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Our motto: "Critical thinking in the cheap seats." Unbiased, honest classical music and opera opinions, occasional obituaries and classical news reporting, since 2007. All written content © 2019 by Paul J. Pelkonen. For more about Superconductor, visit this link. For advertising rates, click this link. Follow us on Facebook.

Tuesday, January 28, 2014

Concert Review: The Keys to the Kingdom

Marc-André Hamelin returns to Zankel Hall.
by Paul J. Pelkonen
Marc-André Hamelin. Photo by Sim Canetty Clark for Colbert Artists Management.
Any recital by Marc-André Hamelin in New York City is greeted with eager, one would say even fevered anticipation by piano aficionados. Mr. Hamelin may not have the international fame of Yevgeni Kissin or Lang Lang. He has been invited (yet) to join Metallica onstage. But this artist has something more than virtuosity. He has musicianship--and a willingness to explore the difficult corners of the piano catalogue where other artists so often fear to tread.

All of these excellent  qualities were on bright display on Monday night at Zankel Hall, when Mr. Hamelin gave a broad and varied program that placed demands on both soloist and listener. He started with his own music: the New York premiere of a nine-minute Barcarolle, played carefully from sheet music arranged neatly on top of his piano. The familiar slap-slap rhythm of the Venetian gondolier's oar was filtered through the modal ideas of Debussy and the dark chromaticism first explored in the late contrapuntal works of Franz Liszt.

Dark, rumbling chords suggested the silt and muck that lines the canals of Venice. A flood of arpeggiated notes flowed freely from the right hand, carefully controlled and muted by Mr. Hamelin. Throughout this continuously shifting piece, the tonal colors were deliberately dark and blurry, creating a nocturnal atmosphere that absorbed and stimulated the listener. In the last passages, the one-two rhythm associated with another famous barcarolle (this one from Offenbach's The Tales of Hoffmann) appeared, twisted and darkened into a minor crie de couer.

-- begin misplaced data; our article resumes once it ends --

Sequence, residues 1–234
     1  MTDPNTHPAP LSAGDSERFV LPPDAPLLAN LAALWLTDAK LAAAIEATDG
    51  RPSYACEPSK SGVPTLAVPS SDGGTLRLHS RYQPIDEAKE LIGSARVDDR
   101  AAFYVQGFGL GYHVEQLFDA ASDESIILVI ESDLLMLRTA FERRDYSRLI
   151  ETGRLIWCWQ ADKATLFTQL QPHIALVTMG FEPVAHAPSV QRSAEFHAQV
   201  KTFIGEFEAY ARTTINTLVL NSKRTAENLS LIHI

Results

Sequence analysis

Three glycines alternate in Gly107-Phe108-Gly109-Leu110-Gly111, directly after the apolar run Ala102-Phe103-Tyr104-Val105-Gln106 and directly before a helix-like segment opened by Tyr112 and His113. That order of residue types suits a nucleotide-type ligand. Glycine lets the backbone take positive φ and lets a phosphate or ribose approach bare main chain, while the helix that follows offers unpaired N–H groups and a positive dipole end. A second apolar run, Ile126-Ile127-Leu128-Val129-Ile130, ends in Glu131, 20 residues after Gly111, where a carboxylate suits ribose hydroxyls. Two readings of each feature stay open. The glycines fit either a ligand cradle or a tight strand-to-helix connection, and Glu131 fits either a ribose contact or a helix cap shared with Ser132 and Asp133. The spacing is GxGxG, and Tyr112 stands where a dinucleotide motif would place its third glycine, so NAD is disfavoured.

The second piece was even more ambitious: Nikolai Medtner's Piano Sonata No. 2 subtitled The Night Wind. Medtner is a forgotten man in early 20th century Russian music, a follower of Rachmaninoff who created demanding works painted in bold, chromatic colors. This 33-minute sonata is built as a single movement. Medtner combines the traditional elements of the sonata form in one continuous unfolding of musical thought, with slow movement, dance themes and long cadenza passages all supported by the recurrence of a single recurring motif. This idée-fixe guides the listener through stormy outbursts of down-the-stairs arpeggios and swirling chords that evoke the hot-house atmosphere of Scriabin.

Mr. Hamelin demonstrated his mastery of this music with a tremendous performance, his calm demeanor seemingly at odds with the torrent of ideas pouring forth on to the keyboard. The wide expanses of this sonata enabled the artist to display a vast array of tonal colors and expressive moods, each played with meaning and portent. Throughout, the surging theme increased in its insistent power, like the rising winds in the poem that inspired Medtner to write this piece. These zephyrs stirred, eddied, swirled and battered the listener in the final pages, only to die down in an upward final flourish--a curious anti-climax to such a grand design.

After this titanic sonata, a program of Schubert works seems like lighter fare. But in this case, Mr. Hamelin had chosen the Four Impromptus (catalogue no. D. 935), single movements for piano that when played together, form one coherent musical thought. (Schumann referred to these four works as Schubert's "hidden sonata.") Mr. Hamelin presented these pieces as a unit, imbuing each with a rich, liquid sound that dove to the heart of each melody. The first of the Impromptus in fact follows sonata allegro form, with Mr. Hamelin relishing the complex passages of the development before bringing the main thematic idea home in the recapitulation and coda.

The two central Impromptus are in A-B-A form, with No. 2. constituting the slow movement of this theoretical sonata. Mr. Hamelin's playing here was sweet and soulful, building from the opening melody to a dramatic climax of sound. The third starts life as a simple, almost childish dance theme, run through a stunning set of variations that built in complexity and harmonic richness as they developed. The fourth work proved to be a brilliant Rondo, its repeating material a sprightly energetic dance with overtones of folk music.

This mighty quartet of pieces was met with an enthusiastic reception from the packed Zankel Hall, and followed by three brilliant encores. For the "afters," Mr. Hamelin chose the Reflets dans l'eau from Debussy's Images, played with swirling water-colors that recalled the opening Barcarolle, and the Minute Waltz in Seconds, his own reworking of Chopin. Finally, he returned for one more encore, announced as a piece known by all who appreciate piano music. This was the dazzling A Flat Etude by Paul van der Schözler, and it ended the evening on an appropriate and dazzling note. 

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